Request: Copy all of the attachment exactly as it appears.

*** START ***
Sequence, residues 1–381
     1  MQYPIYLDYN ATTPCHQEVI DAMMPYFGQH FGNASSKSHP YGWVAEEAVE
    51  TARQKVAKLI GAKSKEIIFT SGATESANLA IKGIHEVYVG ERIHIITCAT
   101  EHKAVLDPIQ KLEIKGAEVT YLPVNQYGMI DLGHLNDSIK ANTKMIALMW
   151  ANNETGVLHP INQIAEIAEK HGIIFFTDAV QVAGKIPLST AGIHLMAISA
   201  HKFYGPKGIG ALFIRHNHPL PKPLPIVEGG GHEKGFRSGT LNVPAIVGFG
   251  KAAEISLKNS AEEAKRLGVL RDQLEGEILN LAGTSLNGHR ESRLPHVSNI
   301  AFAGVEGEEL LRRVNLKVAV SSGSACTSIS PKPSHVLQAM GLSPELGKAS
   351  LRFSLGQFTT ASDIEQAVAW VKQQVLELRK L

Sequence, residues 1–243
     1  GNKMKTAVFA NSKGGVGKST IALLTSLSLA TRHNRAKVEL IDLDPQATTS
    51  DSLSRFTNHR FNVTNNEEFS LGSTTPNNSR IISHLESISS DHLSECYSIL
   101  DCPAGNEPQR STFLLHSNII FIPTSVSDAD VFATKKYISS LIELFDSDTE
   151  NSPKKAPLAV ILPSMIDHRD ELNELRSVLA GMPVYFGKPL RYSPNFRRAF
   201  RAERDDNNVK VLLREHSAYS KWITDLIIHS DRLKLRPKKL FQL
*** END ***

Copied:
Sequence, residues 1–381
     1  MQYPIYLDYN ATTPCHQEVI DAMMPYFGQH FGNASSKSHP YGWVAEEAVE
    51  TARQKVAKLI GAKSKEIIFT SGATESANLA IKGIHEVYVG ERIHIITCAT
   101  EHKAVLDPIQ KLEIKGAEVT YLPVNQYGMI DLGHLNDSIK ANTKMIALMW
   151  ANNETGVLHP INQIAEIAEK HGIIFFTDAV QVAGKIPLST AGIHLMAISA
   201  HKFYGPKGIG ALFIRHNHPL PKPLPIVEGG GHEKGFRSGT LNVPAIVGFG
   251  KAAEISLKNS AEEAKRLGVL RDQLEGEILN LAGTSLNGHR ESRLPHVSNI
   301  AFAGVEGEEL LRRVNLKVAV SSGSACTSIS PKPSHVLQAM GLSPELGKAS
   351  LRFSLGQFTT ASDIEQAVAW VKQQVLELRK L

Sequence, residues 1–243
     1  GNKMKTAVFA NSKGGVGKST IALLTSLSLA TRHNRAKVEL IDLDPQATTS
    51  DSLSRFTNHR FNVTNNEEFS LGSTTPNNSR IISHLESISS DHLSECYSIL
   101  DCPAGNEPQR STFLLHSNII FIPTSVSDAD VFATKKYISS LIELFDSDTE
   151  NSPKKAPLAV ILPSMIDHRD ELNELRSVLA GMPVYFGKPL RYSPNFRRAF
   201  RAERDDNNVK VLLREHSAYS KWITDLIIHS DRLKLRPKKL FQL